Hundreds of years later singers sing the verses created by the Bhakti poets, free of the constraints of copyright and patent. None of the poets mentioned above would have appeared in a car commercial, to say the least. Dylan’s songs, some of them at least, are great songs in the strict sense of rock ‘n’ roll music. His protest against the way America had turned was quintessential. But he wasn’t alone. There was already a strong body of protest literature, especially by African American writers and musicians. In order to understand the rise of Dylan during the 1960s one must also understand the political music by The Weavers and Woody Guthrie, who couldn’t stand Irving Berlin’s ‘God Bless America’ and thus wrote his classic ‘This land is your land’.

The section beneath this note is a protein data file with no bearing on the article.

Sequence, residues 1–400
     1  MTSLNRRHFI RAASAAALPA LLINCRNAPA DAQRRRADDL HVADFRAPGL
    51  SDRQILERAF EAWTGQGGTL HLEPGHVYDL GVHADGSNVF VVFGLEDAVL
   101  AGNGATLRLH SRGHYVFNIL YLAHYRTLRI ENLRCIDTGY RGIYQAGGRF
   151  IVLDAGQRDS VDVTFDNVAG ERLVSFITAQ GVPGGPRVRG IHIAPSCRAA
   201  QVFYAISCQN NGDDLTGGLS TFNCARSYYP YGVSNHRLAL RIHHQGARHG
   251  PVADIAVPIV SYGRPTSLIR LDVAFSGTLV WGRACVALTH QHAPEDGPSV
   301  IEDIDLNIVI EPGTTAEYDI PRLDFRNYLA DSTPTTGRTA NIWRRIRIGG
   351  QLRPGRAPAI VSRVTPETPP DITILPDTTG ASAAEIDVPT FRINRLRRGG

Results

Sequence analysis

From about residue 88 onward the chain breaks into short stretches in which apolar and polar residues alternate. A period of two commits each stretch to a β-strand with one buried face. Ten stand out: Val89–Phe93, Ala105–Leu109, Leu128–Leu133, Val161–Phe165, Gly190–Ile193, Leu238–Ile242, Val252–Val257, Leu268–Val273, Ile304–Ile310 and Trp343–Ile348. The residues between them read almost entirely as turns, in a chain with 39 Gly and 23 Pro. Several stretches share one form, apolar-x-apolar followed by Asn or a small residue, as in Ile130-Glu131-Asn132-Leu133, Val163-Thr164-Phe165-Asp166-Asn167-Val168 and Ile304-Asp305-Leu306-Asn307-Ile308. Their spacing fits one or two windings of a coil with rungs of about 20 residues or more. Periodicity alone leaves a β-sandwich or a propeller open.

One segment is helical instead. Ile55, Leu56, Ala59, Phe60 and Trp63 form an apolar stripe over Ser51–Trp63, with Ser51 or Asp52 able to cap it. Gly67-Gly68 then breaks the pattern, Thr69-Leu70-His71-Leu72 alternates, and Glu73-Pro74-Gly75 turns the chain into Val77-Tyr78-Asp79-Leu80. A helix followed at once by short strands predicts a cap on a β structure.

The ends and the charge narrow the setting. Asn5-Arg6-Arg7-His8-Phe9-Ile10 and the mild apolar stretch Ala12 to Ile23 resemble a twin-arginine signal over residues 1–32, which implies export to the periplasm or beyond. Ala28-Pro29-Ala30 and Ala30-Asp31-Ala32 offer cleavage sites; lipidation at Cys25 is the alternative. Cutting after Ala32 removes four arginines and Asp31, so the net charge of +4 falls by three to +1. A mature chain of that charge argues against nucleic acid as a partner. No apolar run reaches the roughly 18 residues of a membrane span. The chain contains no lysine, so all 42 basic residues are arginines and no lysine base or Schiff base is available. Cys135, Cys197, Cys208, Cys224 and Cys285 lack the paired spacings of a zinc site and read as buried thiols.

The Nobel choice appears even more foolish if one considers the politics of language. When a writer is awarded the Nobel, her work has either been translated into other languages or would be in near future, thus making the work more accessible. But when a musician is given the award for literature, how do you translate his music into other languages? If you are providing people with no choice but to succumb to the power of English songs, is that not akin to spreading English language imperialism? It has been agreed upon that his lyrics are inseparable from his compositions, unless at the cost of devaluing his music. Cinema has the advantage, on the other hand, of subtitles, which music lacks. And that is why they have Grammys and Rock and Roll Hall of Fame.